"We talked about it immediately when it happened. We talked about it as a team, we met, we talked about what the issues were and what was going to happen and laid it out there for them and told them they had a choice. They could choose to either cash it in or we could choose to win football games and they've all bought in, including all the seniors. The seniors are probably more excited about the season that anybody.

"No one has really talked about the bowl situation other than that first meeting. I said let's get it out on the table and let everybody say what they want to say and obviously they were upset, but you play the game for so much more than going to a bowl. There's a lot of bowls out there. There aren't a lot of great bowl sites, but these kids play to win. They play for that interlocking N.C. on the side of their helmets or on their chests. They want to make their fans proud and they're competitors and they'll go out and they'll compete each and every day, I promise you that."


Media Questions

FEDORA
Listen to Audio (4:44)

On his first Pigskin Preview experience:
"I was trying to find out - who is Al Pacino? Yeah, you get some crazy questions up there, but it was a lot of fun and I think it's a great venue so I look forward to doing it next year."

You said you're loving the attitude of your team so far and you're interested to see how they respond once the bullets start flying. Are those one in the same?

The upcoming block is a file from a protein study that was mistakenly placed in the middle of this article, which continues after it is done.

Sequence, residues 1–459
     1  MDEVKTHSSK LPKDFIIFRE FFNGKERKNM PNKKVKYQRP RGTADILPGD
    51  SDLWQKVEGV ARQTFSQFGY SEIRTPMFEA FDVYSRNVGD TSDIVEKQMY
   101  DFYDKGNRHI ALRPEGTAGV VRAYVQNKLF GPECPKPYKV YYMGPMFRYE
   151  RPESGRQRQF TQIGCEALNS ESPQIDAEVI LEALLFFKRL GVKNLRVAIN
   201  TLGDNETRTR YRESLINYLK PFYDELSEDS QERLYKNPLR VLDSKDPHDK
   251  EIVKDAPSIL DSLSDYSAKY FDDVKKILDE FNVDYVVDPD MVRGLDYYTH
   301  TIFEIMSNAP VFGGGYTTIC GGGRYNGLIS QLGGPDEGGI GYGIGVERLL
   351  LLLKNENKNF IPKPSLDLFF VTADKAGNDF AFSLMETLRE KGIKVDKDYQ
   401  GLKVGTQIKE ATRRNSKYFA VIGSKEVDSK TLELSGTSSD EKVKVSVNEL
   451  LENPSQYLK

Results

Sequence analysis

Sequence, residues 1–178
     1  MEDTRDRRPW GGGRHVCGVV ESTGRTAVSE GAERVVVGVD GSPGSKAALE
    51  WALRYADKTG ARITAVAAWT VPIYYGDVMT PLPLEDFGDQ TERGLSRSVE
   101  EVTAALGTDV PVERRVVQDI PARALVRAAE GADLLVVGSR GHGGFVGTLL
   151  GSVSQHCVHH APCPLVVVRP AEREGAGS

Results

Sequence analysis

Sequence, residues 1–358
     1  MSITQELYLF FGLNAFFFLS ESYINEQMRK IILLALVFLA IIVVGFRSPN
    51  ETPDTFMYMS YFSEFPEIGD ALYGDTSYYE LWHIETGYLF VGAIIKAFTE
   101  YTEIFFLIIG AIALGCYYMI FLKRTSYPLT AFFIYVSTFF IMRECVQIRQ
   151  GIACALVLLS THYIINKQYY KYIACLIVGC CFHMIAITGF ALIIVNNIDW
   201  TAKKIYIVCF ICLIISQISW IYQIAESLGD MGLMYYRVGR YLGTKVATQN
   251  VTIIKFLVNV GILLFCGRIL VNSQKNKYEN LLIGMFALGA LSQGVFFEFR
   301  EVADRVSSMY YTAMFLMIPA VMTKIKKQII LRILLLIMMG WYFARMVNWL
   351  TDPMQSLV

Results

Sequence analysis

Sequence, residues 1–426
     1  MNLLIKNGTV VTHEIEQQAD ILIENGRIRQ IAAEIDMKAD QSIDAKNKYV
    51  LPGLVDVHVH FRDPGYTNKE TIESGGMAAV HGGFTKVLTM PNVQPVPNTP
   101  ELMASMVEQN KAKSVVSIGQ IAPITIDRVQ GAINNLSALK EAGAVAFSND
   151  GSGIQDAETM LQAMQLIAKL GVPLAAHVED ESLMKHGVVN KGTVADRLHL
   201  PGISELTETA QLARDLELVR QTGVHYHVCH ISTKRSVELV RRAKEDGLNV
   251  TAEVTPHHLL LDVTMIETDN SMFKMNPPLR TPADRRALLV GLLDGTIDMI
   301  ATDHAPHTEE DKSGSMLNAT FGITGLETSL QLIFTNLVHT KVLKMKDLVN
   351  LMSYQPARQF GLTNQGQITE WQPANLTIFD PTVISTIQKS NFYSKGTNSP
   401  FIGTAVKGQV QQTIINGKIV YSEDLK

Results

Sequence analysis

"I do like their attitude. The way they have bought in to what we're preaching and what we're going to do and how we're changing the culture at Carolina, so I do like that, but you never really know until you have adversity. How's your team going to respond to adversity? We talk about looking it in the eye, grabbing it by the throat and chocking it everyday when it comes. It's coming. I mean it's coming. We're either in some type of situation right now or we just got out of one or there's one coming around the corner, but I've never been through a game that we haven't faced adversity, so why blink? Just get going and go."

How much more time will you have to devote to the fundamentals of trying to teach your system in summer camp compared to a couple years from now when the kids are used to it?
"We'll still be teaching the fundamentals of the system. We do that every day. The four years I was at Southern Miss, we were teaching it at the bowl game the last game of the year. That will never change. We're constantly teaching and constantly learning and adding and tweaking according to the skills that our kids have."

What is a realistic expectation for the first game against Elon considering you've only had 15 practices and then summer camp for the team to be smooth and be able to execute?
" I expect it. I don't know if it's realistic or not, but I expect it and it better happen."

How settled in is your family in Chapel Hill and how are they enjoying the new surroundings?
"Well, actually my oldest daughter is 17 years old and she would like to graduate from her high school where she's at, so my wife and three girls are going to stay there in Hattiesburg so they can graduate and my two youngest daughters that are 10 and 14, after my daughter graduates and goes on to college, then they'll all be moving out."

Is there anything that has caught you by surprise since you've been here?
"How many North Carolina football fans there are and how many of them want to see North Carolina football be successful."

You said there are a lot of good bowls, but not a lot good bowl sites. We don't normally hear coaches answer honestly that way.